Thad Polk, Psychology, College of Literature, Science, and the Arts

Professor Polk teaches in a large auditorium where an automated lecture capture system is not currently available. For several semesters, he has been using ProfCast to record his lectures and make the recordings available to students via iTunes U in CTools. From the Ctools course site, students can download recordings for playback on their personal computers or iPods. Students in Professor Polk’s classes appreciate having podcasts available and consider them a great tool for studying, reviewing, and catching up. They also enjoy the flexibility that the technology provides, allowing students to review past lectures whenever and wherever they prefer.

Joanna Millunchick, Materials Science and Engineering, College of Engineering

Professor Millunchick has been using lecture capture for several semesters. She records in-class lectures with a system that syncs a video recording to her slides. She also creates screencasts using a software program (Camtasia) that records audio and a visual of her use of a tablet PC in order to provide thorough explanations of homework, quiz, and exam solutions, as well as the “Muddiest Points,” as determined by student feedback collected at the end of each unit.

A preliminary study was conducted to assess the effectiveness of these resources, especially the screencast of the Muddiest Points. Students who responded to the end-of-term survey believed that Muddiest Point screencasts were helpful. One student commented, “Screencasts are great because it shows topics that the professor finds important and is a great resource to use to study for the exam. Also, even if I understand the concept, hearing important material one more time in a new way is always extremely helpful.”

Perry Samson, Atmospheric, Oceanic and Space Sciences, College of Engineering

Based on student feedback, Professor Samson developed LectureTools to promote and expand discourse in large classes by supporting peer instruction and active learning methods through an intuitive interface. LectureTools allows students to 1) type notes synchronized with the lecture slides; 2) self-assess understanding; 3) pose questions and view answers; 4) draw on lecture slides; 5) respond to a range of instructor questions; 6) listen/view podcasts; and 7) print lecture slides and notes for offline review. While LectureTools contains all the functionality of clicker systems, it offers far more response options, including the opportunity to respond to reorder list, association, free response and image-based questions. In surveys, students have reported that LectureTools increases their attentiveness, significantly increases their engagement, and improves their ability to learn.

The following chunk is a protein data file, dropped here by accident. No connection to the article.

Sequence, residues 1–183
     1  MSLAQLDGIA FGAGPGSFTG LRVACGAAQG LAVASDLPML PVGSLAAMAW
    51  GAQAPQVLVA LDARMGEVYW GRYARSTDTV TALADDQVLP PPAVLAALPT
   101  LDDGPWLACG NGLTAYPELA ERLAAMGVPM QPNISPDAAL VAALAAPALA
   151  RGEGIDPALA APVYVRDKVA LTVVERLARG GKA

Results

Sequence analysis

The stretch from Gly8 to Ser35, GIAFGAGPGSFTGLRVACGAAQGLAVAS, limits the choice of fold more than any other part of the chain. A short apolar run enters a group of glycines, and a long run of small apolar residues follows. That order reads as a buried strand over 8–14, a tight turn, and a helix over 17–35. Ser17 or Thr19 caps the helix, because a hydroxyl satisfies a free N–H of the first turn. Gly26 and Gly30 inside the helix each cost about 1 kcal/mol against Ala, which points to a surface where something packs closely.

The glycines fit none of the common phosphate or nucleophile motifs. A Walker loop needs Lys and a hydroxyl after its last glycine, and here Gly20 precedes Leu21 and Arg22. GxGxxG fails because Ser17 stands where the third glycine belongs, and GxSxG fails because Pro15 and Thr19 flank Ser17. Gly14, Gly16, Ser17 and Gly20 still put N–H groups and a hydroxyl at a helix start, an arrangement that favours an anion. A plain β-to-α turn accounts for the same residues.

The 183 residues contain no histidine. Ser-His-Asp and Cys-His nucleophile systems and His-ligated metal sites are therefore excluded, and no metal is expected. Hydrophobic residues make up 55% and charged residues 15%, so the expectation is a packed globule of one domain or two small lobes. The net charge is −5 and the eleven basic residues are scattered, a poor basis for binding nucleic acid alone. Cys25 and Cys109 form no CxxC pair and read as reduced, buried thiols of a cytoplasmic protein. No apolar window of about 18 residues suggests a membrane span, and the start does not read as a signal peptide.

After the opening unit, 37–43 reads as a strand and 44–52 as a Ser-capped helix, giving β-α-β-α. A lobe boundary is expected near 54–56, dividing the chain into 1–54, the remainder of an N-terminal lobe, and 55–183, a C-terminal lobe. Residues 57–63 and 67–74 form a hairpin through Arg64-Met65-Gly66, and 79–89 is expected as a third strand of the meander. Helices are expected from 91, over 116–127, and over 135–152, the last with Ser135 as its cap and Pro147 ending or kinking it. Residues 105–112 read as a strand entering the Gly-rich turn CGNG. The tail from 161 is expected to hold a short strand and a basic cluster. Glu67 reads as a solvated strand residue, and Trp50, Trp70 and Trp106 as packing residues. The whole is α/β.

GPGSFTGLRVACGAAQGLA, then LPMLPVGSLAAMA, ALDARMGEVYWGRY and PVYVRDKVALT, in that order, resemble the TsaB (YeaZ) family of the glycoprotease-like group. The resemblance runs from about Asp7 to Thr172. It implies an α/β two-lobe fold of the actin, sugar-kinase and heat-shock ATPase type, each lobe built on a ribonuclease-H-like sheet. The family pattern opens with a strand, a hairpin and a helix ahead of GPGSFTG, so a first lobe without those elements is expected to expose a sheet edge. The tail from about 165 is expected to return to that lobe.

Tools for Hybrid Pedagogy

Bookmark this page for the latest recommended tools for hybrid teaching. As options change and evolve, we’ll post them here. If you think there is a capability or tool that should be considered for this list, please contact [email protected]


Course Setup & Structure

Course Content, Activities & Assessment

Engagement & Interactivity

Course Setup and Structure

Course Management
Turnkey Solution: Canvas
  • Provides a common structure for U-M courses
  • Variety of useful tools native to Canvas, including
  • Certain tools (eg: Assignments) are linked to Student Explorer, which allows advisors to track overall student progress
  • Online Resources
Customizable Option: Canvas + Course Website
  • Canvas should be a landing point for all courses, and can then can link to an external website(s) with more course info
  • Instructors should try to keep as much info centralized in Canvas, when possible
  • Students request that, at a minimum, the following Canvas tools be used:

Course Content, Activities & Assessment

Discussion Forum
Turnkey Solution: Canvas Discussions
  • Native to Canvas
  • Individual group discussions can be set up with their own board and collaboration tools
  • Online Resources:
Customizable Option: Piazza
  • Integrates with Canvas
  • Can allow students to post anonymously
  • Can add tags (folders) to items
  • Online Resources:
Turnkey Solution: Canvas SpeedGrader
  • Native to Canvas
  • Uses a customizable rubric
  • Integrates with Canvas Assignments and Quizzes
  • Online Resources:
Customizable Option: Gradescope
  • Accommodates multiple graders
  • Better support for formulas and free text
  • AI based grouping of like answers